Guillotines, Illusionism and Protest in Contemporary Puerto Rico

Jan 24, 2020
9:03 AM

Earlier this week, disdain toward Puerto Rico governor Wanda Vázquez Garced seemed to reach its peak as protestors erected a life-sized guillotine in the Calle de la Resistencia.

The old Calle Fortaleza, which hosts Puerto Rico’s Governor’s Mansion, saw how hundreds demonstrated collective rage against Vázquez Garced’s after locals from the southern municipality of Ponce found a warehouse full of supplies dating back to October 2017, just a month after the devastating Hurricane María hit the archipelago. Amid police vigilance, these Puerto Ricans distributed the aid themselves as they voiced a new claim: it was not enough to demand the resignation of those in charge of disaster management, they needed to be held accountable and pay for their negligence with judiciary processes. #PresosTodos

The guillotine reappeared during a Thursday protest, which ended in reports of police using tear gas to disperse protesters.

As someone who studies protest in Puerto Rico, I was greatly surprised by the presence of a guillotine in this week’s actions. The guillotine, an instrument that dates to revolutionary France in the late 18th century, symbolized something more than a desire to see a negligent government prosecuted and incarcerated. The guillotine is a device of rapid execution that beheads those declared guilty of betraying their people. Its presence in the old Calle Fortaleza implied more than #PresosTodos. Considering the guillotine’s historical trajectory, one can argue that it showed a collective desire to have the lives of Puerto Rico’s political class pay for Hurricane María’s dead and the refugees of the earthquakes that devastated southwestern Puerto Rico the day after Día de Reyes 2020.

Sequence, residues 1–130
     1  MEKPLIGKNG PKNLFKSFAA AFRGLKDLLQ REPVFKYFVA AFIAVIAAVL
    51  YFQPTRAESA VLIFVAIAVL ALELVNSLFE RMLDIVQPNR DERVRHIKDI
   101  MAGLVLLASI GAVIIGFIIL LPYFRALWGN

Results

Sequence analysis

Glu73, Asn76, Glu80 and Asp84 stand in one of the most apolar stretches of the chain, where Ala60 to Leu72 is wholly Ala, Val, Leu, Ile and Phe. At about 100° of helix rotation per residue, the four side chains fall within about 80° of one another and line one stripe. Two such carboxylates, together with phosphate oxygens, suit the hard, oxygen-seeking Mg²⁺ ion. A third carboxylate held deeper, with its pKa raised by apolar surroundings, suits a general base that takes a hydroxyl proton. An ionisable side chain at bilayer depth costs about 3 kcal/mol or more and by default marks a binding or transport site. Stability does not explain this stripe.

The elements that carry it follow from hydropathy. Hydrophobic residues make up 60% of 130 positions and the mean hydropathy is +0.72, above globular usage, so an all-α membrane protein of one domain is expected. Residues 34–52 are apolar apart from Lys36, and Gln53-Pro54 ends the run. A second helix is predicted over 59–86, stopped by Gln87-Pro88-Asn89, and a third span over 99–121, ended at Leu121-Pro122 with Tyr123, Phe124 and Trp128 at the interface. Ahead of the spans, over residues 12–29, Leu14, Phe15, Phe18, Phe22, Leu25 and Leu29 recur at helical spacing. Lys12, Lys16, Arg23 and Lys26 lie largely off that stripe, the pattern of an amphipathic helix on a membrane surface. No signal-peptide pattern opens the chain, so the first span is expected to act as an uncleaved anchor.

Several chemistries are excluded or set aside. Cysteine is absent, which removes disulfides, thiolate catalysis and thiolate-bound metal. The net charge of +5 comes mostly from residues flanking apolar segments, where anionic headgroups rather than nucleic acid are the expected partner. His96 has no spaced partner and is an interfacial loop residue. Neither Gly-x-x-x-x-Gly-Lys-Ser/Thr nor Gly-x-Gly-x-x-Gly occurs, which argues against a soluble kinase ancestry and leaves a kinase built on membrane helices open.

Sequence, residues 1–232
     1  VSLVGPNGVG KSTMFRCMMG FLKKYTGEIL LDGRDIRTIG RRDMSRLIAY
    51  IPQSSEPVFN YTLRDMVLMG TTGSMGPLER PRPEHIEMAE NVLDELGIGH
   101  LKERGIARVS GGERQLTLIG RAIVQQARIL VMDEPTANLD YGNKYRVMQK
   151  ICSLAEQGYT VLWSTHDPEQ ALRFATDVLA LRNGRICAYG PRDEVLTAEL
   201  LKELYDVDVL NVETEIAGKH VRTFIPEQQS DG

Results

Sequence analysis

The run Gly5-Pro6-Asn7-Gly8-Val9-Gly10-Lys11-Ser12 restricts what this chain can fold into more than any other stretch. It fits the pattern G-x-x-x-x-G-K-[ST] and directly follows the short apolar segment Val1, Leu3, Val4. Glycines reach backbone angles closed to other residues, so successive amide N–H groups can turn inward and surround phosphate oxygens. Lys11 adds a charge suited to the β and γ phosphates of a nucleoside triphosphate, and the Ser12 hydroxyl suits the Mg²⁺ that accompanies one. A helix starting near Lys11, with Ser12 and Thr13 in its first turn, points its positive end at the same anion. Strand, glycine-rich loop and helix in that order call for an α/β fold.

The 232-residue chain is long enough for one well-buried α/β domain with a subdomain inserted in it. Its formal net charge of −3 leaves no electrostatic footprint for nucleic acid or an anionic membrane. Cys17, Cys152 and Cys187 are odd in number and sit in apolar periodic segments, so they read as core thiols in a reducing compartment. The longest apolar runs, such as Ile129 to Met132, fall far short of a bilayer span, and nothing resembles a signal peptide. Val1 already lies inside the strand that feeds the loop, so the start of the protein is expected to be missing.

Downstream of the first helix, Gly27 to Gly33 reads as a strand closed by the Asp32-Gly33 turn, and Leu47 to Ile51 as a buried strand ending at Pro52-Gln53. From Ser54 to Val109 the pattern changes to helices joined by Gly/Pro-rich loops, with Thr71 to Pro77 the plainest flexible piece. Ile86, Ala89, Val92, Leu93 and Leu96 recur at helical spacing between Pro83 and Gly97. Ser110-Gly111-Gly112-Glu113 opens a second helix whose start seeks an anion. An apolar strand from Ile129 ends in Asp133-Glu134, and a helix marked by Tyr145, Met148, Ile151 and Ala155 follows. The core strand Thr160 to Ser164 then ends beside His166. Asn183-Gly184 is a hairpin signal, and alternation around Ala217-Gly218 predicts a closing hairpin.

Little before the arrival of the guillotine to the Calle de la Resistencia, however, one of the most important figures of the #Verano19 surprised many members of the Puerto Rican intelligentsia and the archipelago’s activist circles. Rey Charlie, a community leader who led thousands of motorcycles to make massive demonstrations demanding the resignation of Governor Ricardo “Ricky” Rosselló Nevares announced that he would not join the protests that seemed to grow after the warehouse’s discovery. Going against the growing radicalization of protest in the streets, Rey Charlie called for sensibility from his followers, questioning who would replace Governor Vázquez Garced and asking that Puerto Ricans focus on helping earthquake victims. Political change could wait until November, when Puerto Rico will vote for its local government alongside the U.S. presidential and state elections.